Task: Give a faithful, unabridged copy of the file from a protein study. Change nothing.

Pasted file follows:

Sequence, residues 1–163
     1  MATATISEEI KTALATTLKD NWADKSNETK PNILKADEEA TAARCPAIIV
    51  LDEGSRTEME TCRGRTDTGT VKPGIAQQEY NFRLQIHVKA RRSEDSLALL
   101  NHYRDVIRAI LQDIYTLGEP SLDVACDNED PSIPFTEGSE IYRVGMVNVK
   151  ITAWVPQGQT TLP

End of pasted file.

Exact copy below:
Sequence, residues 1–163
     1  MATATISEEI KTALATTLKD NWADKSNETK PNILKADEEA TAARCPAIIV
    51  LDEGSRTEME TCRGRTDTGT VKPGIAQQEY NFRLQIHVKA RRSEDSLALL
   101  NHYRDVIRAI LQDIYTLGEP SLDVACDNED PSIPFTEGSE IYRVGMVNVK
   151  ITAWVPQGQT TLP